[Numpy-discussion] Numpy array from ctypes pointer object?

Mark Heslep mark at mitre.org
Wed Jul 12 16:46:39 CDT 2006

Albert Strasheim wrote:
> Hello all
> Various people wrote:
>>>  Im curious though:  the several projects recently using ctypes
>>> and numpy to wrap libraries (Pygame SDL, OpenGL, svm) must have come
>>> across the issue of using a creating a numpy array from a ctypes
>>> pointer.  Ill have to look further.
>> It depends on whether or not the library creates memory or not.  Not
>> every library manages memory (some expect you to pass in memory already
>> owned --- this is easy to do already with ctypes and numpy).
> I see two main models for sending back data from C land.
> One is to have the C function allocate memory and return the pointer to the
> caller. This raises the question of who owns the memory. It also leads to
> some *very* interesting crashes on Windows when you start freeing memory
> allocated in code linked against one runtime in code linked against another
> runtime. I think, if you have the option, avoid this kind of thing at all
> costs.
> The other model has functions that take their normal arguments, and pointers
> to buffers where they can store their results. Typically the caller would
> also specify the size of the buffer. If the buffer is large enough for the
> function to do its work, it uses it. If not, it returns an error code. This
> way, one entity is always in charge of the memory.
> If you're writing C code that you plan to use with ctypes and NumPy, I think
> the second model will lead to more robust code and less time spent debugging
> crashes and memory leaks.
Yes, I agree, C libs written with your model #2 would make life much 
easier to create robust wrappers. Many of the ones that come to my mind, 
and deal with array like data and thus relevant, are model #1 types. I 
think the reason this is so goes something like this:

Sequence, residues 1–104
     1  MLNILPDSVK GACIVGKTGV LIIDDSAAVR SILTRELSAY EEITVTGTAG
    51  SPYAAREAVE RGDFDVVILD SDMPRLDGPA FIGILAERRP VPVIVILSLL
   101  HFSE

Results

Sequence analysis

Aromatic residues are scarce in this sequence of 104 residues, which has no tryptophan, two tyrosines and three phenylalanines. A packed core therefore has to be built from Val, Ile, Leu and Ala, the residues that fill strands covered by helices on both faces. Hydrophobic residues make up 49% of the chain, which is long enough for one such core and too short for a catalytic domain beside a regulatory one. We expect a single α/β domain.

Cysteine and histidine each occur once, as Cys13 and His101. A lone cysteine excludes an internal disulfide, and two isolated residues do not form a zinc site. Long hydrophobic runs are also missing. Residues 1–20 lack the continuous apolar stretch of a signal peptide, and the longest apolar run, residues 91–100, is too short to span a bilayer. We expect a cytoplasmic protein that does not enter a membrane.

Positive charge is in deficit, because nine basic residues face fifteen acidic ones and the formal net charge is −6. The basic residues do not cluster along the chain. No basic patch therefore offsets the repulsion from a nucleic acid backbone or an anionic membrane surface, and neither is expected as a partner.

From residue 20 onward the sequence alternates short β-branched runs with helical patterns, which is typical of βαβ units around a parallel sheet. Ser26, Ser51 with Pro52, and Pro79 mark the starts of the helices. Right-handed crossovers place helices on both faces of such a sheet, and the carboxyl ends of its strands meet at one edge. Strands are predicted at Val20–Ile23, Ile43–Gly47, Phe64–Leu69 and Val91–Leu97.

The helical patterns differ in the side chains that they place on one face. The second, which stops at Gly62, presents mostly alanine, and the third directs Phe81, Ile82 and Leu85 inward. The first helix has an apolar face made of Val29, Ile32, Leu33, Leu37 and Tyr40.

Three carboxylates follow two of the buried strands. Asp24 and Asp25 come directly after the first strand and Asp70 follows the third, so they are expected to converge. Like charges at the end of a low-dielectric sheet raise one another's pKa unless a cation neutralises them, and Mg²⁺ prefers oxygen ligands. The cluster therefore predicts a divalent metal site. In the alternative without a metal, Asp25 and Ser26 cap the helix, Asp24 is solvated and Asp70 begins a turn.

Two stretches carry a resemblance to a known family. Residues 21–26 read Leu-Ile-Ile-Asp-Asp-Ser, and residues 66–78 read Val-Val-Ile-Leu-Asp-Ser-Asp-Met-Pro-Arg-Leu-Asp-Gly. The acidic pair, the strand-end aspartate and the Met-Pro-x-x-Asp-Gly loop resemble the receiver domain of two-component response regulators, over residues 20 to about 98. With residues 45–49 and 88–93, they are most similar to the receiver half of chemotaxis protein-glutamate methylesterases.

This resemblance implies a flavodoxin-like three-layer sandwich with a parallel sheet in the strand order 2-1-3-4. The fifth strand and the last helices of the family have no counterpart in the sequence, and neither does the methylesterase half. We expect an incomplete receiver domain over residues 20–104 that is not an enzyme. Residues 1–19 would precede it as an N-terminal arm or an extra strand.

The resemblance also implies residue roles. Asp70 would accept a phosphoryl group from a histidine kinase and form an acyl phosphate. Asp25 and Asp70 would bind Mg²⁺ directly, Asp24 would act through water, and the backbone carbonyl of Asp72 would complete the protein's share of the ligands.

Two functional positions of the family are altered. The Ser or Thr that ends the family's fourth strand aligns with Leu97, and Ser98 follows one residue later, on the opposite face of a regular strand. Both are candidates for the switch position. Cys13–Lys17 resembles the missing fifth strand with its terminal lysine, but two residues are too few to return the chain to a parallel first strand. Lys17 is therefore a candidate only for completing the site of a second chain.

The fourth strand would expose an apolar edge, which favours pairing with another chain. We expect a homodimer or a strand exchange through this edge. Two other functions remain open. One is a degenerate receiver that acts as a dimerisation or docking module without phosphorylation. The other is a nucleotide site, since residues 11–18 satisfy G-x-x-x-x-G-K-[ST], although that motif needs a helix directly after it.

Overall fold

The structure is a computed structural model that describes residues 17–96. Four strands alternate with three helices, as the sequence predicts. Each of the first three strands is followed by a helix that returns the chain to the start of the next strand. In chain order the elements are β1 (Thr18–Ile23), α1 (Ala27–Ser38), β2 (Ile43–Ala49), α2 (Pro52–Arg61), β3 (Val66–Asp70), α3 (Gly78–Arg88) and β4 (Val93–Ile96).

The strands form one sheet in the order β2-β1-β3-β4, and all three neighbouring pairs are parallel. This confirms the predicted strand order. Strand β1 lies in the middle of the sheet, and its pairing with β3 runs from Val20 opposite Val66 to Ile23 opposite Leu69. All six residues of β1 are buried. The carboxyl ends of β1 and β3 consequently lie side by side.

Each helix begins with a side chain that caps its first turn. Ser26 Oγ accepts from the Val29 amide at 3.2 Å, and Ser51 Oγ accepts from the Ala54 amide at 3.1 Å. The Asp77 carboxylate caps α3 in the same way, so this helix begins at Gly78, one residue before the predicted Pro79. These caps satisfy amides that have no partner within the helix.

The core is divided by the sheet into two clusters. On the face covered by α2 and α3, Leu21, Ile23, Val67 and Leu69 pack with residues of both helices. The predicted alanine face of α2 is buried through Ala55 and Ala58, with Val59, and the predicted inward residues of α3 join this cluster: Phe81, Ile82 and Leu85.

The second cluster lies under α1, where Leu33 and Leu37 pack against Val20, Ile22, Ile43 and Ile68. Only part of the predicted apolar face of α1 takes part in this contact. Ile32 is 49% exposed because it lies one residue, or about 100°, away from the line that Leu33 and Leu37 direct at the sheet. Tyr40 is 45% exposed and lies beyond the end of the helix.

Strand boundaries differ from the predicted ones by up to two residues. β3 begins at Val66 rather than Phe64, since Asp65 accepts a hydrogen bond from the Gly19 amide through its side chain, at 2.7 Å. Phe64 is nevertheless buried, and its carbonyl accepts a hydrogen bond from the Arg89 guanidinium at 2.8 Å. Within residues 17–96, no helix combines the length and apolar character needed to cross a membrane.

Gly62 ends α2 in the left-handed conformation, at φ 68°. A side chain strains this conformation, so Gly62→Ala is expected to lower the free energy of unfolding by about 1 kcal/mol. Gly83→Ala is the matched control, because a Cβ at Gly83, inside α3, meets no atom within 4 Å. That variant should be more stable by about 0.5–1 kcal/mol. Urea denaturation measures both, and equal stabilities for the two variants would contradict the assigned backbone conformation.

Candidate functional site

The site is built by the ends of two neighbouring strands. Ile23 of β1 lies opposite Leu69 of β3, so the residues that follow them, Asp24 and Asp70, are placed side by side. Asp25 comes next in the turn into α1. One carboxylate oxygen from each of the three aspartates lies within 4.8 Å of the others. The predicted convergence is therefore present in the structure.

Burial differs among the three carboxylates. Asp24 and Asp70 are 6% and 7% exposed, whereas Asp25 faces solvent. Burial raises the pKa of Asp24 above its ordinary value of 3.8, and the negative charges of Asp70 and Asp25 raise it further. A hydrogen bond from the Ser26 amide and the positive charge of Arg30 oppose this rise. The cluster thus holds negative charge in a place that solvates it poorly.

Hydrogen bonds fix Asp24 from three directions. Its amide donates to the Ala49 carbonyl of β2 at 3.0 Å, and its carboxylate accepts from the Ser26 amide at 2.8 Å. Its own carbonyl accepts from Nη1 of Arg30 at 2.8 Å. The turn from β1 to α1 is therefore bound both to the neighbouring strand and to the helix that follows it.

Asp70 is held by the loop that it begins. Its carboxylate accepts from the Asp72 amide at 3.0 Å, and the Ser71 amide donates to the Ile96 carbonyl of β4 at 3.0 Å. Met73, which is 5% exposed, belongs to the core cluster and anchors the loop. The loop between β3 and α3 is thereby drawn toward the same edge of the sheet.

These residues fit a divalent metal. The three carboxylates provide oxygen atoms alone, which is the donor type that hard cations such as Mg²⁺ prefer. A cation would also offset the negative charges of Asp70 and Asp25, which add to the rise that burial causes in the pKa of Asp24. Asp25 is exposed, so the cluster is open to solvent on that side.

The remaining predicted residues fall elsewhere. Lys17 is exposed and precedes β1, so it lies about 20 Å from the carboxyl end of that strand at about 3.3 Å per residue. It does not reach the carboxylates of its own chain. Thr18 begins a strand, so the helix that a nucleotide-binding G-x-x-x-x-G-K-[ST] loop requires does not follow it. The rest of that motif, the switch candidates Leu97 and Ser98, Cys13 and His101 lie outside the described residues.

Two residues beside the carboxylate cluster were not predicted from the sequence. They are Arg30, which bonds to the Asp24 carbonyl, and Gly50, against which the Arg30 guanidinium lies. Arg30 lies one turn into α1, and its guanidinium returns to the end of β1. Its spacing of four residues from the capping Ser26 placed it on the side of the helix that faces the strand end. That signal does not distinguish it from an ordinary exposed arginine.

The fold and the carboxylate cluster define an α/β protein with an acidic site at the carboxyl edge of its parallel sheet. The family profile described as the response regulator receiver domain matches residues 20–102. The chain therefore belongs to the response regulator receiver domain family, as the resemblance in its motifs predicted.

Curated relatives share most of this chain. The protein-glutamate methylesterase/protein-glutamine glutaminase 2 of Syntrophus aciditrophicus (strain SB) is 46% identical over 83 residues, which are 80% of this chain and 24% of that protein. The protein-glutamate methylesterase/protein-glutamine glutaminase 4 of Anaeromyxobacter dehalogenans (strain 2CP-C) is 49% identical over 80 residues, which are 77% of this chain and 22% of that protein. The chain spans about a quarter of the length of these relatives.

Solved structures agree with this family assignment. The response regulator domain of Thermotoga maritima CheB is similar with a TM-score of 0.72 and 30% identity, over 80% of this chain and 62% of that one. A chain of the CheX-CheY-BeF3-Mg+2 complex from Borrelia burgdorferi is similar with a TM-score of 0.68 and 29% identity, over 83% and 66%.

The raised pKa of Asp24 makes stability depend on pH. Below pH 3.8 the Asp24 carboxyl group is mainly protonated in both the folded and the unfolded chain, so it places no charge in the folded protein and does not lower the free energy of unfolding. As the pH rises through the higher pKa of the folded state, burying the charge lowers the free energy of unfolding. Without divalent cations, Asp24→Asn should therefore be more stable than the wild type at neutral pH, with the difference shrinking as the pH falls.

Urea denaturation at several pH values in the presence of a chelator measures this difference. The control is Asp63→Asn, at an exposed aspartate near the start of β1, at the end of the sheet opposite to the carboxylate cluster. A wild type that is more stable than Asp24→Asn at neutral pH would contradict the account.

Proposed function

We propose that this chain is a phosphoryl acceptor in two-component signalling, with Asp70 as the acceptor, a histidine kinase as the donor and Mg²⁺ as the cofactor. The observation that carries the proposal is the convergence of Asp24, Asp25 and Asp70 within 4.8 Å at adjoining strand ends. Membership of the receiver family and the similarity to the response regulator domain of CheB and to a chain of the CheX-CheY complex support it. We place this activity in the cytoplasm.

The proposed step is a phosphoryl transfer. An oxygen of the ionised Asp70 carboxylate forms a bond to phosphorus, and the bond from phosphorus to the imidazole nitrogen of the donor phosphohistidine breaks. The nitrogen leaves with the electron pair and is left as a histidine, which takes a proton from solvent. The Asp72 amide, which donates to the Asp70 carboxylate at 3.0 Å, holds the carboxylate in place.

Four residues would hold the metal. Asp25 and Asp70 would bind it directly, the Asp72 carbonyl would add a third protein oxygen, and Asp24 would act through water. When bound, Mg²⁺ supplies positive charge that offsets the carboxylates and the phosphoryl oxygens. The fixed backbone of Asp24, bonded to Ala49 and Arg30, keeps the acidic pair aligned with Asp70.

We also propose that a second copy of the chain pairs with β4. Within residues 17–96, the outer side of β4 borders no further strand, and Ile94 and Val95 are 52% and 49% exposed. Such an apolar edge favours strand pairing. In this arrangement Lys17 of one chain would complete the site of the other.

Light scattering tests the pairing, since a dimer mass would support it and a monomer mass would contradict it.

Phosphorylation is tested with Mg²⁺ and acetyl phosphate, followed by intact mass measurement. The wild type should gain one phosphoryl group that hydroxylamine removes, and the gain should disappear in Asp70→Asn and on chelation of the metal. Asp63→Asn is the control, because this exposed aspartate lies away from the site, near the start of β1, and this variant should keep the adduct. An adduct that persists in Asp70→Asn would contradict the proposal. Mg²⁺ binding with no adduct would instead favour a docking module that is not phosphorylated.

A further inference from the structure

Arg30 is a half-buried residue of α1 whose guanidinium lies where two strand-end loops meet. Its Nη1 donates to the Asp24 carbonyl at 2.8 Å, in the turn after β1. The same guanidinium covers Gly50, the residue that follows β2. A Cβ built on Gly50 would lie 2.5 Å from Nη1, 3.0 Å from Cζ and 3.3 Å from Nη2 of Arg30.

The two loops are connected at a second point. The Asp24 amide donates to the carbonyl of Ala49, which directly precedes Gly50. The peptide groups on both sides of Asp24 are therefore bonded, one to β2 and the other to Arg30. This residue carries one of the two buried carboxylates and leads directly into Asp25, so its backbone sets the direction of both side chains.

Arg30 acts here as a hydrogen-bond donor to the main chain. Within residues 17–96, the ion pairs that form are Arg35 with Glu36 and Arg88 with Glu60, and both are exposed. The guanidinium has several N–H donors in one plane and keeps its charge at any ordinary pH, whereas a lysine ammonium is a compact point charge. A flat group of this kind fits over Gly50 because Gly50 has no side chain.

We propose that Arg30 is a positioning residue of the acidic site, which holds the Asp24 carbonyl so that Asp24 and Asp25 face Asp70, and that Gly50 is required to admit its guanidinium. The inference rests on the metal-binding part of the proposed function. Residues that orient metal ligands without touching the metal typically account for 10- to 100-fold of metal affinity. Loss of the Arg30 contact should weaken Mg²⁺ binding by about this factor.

Joe Foo developer & friends writes an entire library API in C. To make 
the API complete and easy to use Joe includes getting started 'make the 
data' C functions. Examples:
SDL: SDL_surface* SDL_CreateRGBSurface(params)
Opencv: IplImage* cvCreateImage(params), ...
libdc1394: uint_t * capture buffer //created by the OS 1394 driver

If the Joe doesn't do this then the first thing Joe's 'users' must do to 
create the simplest application is call malloc, sizeof( figure out what 
element type...), blah, blah, i.e. do lots of memory management having 
zilch to do with the problem at hand. Further, Joe, being conscientious, 
includes boat loads of examples all using the 'make the data' calls.

> libsvm (which I'm wrapping with ctypes) mostly follows the second model,
> except when training new models, in which case it returns a pointer to a
> newly allocated structure. To deal with this, I keep a pointer to this
> allocated memory in a Python object that has the following function:
> def __del__(self):
>     libsvm.svm_destroy_model(self.model)
> By providing this destroy function, libsvm avoids the problem of mixing
> allocation and deallocation across runtimes.
> Regards,
> Albert


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